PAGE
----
On his current American tour, His Holiness the Karmapa has been speaking at the most elite universities and high tech campuses, preaching his gospel of compassion for each other, for all sentient beings and for the Earth our mother. Most recently, at Harvard, he called out apathy: "The most dangerous thing in the world is apathy... I urge you to feel a love that is courageous --not like a heavy burden, but a joyous acknowledgement of interdependence."
Well, I urge you to start where it's easy to find love: the kitchen, hotbed of apathy yet seedbed of joy (think yummy meal shared with friends or family). We have to start there because eating comes so naturally, so instinctively, we take it for granted. Maybe we've learned to be mindful of the words coming out of our mouth, but what about the stuff going into it? Yes we're waking to seasonal, local and independent farmers but that's only the tip. We are totally blind when it comes to seeing the bigger picture.
So the kitchen is a great place to open eyes and minds--and mouths, to create positive change: in our health, our attitude, our world. Food love doesn't even require that much courage. The only ingredient we need is focus--and it doesn't cost money.
Let's start with the fact that nobody can solo in the kitchen or be alone at the table. The whole world is in the act. Recipes come down from grandmothers or theirs. Yogurt came from nomads who lived more than 3,000 years ago. Carrots came from farmers in Afghanistan, potatoes from the Incas of Peru and ketchup was cloned from a Cantonese sauce. How about the dairy farmer who milked which cow to create that carton of yogurt? How about whoever scooped up the olives that made the oil or who offloaded it at a U.S. port? They are all part of the entree going into you. Ramped up awareness of the back and forth of the food we personally process is the fast track to seeing how interdependent we all are. Venerable Vietnamese monk Thich Nhat Hanh wrote a whole book about just this, starting with the sun ray that hits the soil that someone tilled.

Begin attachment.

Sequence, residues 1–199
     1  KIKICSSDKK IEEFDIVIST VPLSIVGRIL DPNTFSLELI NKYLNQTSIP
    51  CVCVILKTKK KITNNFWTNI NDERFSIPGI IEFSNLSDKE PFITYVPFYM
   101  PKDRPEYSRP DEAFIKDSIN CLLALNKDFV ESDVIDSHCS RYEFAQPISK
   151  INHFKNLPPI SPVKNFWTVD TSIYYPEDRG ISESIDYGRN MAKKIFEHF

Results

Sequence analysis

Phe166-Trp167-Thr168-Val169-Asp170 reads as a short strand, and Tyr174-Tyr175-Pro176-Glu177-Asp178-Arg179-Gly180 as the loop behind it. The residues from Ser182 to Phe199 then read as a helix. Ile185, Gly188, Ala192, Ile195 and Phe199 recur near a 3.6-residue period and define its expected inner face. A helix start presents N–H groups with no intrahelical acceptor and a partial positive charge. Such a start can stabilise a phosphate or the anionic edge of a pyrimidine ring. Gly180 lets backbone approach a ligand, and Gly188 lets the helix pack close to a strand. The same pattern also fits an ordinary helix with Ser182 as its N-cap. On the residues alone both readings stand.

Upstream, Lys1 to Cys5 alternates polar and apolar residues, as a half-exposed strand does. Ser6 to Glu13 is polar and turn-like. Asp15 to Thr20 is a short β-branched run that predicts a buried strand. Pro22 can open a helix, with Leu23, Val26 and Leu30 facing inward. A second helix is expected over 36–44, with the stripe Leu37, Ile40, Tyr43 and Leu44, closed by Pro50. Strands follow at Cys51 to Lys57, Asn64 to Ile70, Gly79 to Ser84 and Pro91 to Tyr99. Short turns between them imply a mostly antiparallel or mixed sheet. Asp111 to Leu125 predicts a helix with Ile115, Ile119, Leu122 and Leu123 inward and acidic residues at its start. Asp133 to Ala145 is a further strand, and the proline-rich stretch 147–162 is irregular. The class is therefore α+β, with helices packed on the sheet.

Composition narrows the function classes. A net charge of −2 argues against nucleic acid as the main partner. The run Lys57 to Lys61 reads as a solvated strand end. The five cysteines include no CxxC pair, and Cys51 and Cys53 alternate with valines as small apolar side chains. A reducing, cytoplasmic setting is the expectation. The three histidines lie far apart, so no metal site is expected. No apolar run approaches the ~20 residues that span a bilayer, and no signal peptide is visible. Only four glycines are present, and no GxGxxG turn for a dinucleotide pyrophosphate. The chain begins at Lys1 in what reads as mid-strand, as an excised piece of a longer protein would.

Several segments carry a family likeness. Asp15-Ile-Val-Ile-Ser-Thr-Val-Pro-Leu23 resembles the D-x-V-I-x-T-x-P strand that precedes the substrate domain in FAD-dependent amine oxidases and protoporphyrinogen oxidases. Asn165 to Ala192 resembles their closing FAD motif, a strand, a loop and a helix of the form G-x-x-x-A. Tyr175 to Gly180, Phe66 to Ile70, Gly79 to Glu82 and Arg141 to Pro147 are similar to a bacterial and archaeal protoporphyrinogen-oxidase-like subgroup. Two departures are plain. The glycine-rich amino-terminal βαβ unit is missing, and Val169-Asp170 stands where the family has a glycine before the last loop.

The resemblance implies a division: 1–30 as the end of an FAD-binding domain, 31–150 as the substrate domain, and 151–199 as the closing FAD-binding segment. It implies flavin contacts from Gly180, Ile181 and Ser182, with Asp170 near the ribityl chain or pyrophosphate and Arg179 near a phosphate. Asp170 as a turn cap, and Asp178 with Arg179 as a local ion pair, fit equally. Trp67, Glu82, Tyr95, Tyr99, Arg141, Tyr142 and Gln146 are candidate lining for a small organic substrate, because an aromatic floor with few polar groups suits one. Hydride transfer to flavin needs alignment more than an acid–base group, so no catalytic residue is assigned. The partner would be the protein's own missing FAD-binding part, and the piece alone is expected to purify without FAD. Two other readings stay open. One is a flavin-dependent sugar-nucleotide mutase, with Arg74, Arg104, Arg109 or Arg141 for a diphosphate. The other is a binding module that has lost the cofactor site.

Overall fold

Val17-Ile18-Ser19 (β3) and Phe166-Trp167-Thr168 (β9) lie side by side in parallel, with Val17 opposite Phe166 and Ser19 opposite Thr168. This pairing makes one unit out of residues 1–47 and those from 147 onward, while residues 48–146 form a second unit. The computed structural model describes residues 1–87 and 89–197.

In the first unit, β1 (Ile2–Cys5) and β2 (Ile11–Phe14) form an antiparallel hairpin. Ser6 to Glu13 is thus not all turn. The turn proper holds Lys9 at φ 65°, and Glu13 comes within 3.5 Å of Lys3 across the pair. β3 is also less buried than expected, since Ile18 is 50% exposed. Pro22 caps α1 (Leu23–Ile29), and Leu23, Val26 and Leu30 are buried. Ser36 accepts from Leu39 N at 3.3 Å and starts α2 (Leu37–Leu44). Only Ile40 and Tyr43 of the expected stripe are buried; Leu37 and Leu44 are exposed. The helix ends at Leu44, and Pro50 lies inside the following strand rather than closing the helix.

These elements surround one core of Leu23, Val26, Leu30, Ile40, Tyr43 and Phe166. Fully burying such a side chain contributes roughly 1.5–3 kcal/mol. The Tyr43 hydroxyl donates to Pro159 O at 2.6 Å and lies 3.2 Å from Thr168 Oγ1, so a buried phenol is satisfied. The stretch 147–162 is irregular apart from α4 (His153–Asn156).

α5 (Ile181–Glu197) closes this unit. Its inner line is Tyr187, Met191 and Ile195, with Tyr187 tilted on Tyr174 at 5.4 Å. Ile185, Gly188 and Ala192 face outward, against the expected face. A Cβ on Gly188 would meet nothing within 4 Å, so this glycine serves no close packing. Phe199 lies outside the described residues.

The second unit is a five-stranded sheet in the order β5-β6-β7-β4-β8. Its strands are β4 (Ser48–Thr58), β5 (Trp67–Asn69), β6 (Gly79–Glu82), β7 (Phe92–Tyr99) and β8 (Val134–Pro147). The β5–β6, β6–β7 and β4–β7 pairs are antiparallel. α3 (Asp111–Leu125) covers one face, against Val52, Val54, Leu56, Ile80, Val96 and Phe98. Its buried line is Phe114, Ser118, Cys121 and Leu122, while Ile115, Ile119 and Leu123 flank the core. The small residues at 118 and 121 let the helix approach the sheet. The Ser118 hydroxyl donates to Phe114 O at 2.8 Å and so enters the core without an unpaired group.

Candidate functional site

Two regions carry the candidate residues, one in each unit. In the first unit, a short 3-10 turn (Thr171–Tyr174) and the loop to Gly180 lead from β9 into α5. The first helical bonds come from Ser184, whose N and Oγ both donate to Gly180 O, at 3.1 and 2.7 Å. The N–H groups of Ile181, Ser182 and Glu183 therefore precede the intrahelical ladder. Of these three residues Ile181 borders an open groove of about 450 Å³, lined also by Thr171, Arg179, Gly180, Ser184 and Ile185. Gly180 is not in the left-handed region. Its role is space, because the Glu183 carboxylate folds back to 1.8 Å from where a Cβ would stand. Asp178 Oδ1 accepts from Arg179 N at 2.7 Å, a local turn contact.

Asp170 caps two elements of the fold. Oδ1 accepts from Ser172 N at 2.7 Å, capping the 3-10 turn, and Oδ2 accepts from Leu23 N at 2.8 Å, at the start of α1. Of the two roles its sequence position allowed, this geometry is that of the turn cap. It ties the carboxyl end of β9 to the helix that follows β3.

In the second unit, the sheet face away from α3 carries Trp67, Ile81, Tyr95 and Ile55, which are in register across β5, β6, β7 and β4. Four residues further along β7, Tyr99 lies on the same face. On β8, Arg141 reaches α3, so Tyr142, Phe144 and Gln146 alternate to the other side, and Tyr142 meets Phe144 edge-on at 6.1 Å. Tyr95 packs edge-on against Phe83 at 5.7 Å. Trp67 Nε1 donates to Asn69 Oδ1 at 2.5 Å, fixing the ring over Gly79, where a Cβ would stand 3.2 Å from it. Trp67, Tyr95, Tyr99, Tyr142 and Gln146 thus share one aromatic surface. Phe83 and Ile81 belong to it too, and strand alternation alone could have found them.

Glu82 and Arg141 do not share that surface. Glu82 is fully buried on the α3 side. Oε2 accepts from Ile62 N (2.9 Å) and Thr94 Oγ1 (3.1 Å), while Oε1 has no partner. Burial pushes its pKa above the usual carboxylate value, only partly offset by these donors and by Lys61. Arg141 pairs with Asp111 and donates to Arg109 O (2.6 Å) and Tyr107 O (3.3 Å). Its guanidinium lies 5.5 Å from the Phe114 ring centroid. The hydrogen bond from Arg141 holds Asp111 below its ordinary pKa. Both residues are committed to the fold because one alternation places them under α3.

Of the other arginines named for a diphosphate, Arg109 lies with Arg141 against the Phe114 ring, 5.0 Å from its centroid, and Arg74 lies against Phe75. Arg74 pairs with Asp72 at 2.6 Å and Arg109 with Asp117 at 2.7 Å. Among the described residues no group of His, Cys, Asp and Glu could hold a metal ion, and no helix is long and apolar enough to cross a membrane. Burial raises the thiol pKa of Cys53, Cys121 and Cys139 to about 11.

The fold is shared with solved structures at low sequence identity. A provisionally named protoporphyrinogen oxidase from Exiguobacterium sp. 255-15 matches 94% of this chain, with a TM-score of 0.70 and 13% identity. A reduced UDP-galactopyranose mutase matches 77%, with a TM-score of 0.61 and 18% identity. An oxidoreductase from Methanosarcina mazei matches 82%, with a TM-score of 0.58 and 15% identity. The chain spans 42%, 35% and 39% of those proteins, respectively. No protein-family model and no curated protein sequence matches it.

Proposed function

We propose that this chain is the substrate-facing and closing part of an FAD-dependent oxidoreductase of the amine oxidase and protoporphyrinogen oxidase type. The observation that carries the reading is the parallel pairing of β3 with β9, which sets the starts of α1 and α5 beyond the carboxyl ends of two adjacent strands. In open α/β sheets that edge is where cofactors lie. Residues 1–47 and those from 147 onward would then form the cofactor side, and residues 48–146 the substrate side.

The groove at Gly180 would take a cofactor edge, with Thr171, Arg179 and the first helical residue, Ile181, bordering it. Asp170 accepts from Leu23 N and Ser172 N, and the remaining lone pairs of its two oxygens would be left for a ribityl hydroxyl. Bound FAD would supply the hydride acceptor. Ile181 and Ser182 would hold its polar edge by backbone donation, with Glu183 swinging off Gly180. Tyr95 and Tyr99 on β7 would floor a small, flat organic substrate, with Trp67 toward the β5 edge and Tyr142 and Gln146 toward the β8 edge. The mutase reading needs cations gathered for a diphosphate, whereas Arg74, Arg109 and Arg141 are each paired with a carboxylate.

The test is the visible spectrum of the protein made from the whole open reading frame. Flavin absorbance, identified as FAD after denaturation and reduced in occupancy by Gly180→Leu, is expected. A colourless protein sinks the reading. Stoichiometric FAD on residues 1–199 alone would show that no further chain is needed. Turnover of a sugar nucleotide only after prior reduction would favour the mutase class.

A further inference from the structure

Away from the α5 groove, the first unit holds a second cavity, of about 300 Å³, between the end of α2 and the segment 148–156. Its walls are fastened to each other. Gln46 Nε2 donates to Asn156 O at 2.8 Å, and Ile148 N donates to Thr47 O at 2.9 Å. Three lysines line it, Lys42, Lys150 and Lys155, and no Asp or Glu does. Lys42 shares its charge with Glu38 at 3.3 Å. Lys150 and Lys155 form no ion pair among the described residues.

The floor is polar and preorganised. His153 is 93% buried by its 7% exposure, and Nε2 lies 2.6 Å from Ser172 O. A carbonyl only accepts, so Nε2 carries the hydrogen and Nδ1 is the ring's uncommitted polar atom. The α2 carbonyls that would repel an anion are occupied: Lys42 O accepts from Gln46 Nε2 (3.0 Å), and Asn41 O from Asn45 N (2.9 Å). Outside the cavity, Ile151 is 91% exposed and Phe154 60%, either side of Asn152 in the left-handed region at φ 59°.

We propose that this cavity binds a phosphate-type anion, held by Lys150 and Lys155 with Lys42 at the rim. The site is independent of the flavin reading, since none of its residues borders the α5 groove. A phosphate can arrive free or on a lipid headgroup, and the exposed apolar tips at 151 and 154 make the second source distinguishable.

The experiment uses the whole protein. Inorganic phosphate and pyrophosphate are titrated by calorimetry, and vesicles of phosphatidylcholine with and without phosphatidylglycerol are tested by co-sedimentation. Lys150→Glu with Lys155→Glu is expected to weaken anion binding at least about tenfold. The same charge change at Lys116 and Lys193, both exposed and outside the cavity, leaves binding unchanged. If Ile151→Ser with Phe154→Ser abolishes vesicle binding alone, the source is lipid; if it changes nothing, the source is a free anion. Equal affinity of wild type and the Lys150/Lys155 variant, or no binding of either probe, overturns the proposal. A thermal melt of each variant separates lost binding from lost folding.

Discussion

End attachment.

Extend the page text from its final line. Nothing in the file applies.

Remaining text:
Wake-up alarms now ring faster and louder than ever. Just read last week's headlines. Burmese workers kept as slaves in Indonesia's export fish industry. Mexicans denied even beds and toilets while harvesting all those cheap fruits and vegetables in your supermarket. One fifth of California's dangerously disappearing water supply still going to raise alfalfa to feed beef cattle for your burger. Amy's Kitchen, a supposedly organic processed food purveyor now owned by giant General Mills, recalled thousands of its products fearing listeria has contaminated them. And finally, scientists not on Monsanto's payroll link Roundup to cancer and fertility issues. Earlier an MIT scientist linked it to all the trouble people seem to be having with wheat gluten because the entire industrial US wheat crop is doused with Roundup two weeks before it is harvested, so you're getting a whopping dose of glysophate when you eat commercially baked bread.
So it comes to this: cheap, convenient, carefree or conscious, compassionate and, ok, to use today's favorite term, frictionless or efficient. Everything we eat comes from somewhere starting with soil and solar energy, ending with human hands running on food fuel and combustion engines running on fuel that comes out of the Earth. So diet choices change everything. We vote every time we open our mouth to eat, every time we toss something into our shopping cart or garbage can, every time we pay at the chosen checkout, every time we willingly go to a farmers' market and pay extra pennies to know who actually gave us our daily bread, every time we decide to skip the beef and order polenta. Buying out of season imported fruits and fish just because you feel like having summer cheap peaches in January is support for the most abominable slavery of others. Constantly eating meat supports ripping down the last forests, ripping out the oxygen supply and ripping up the great rivers.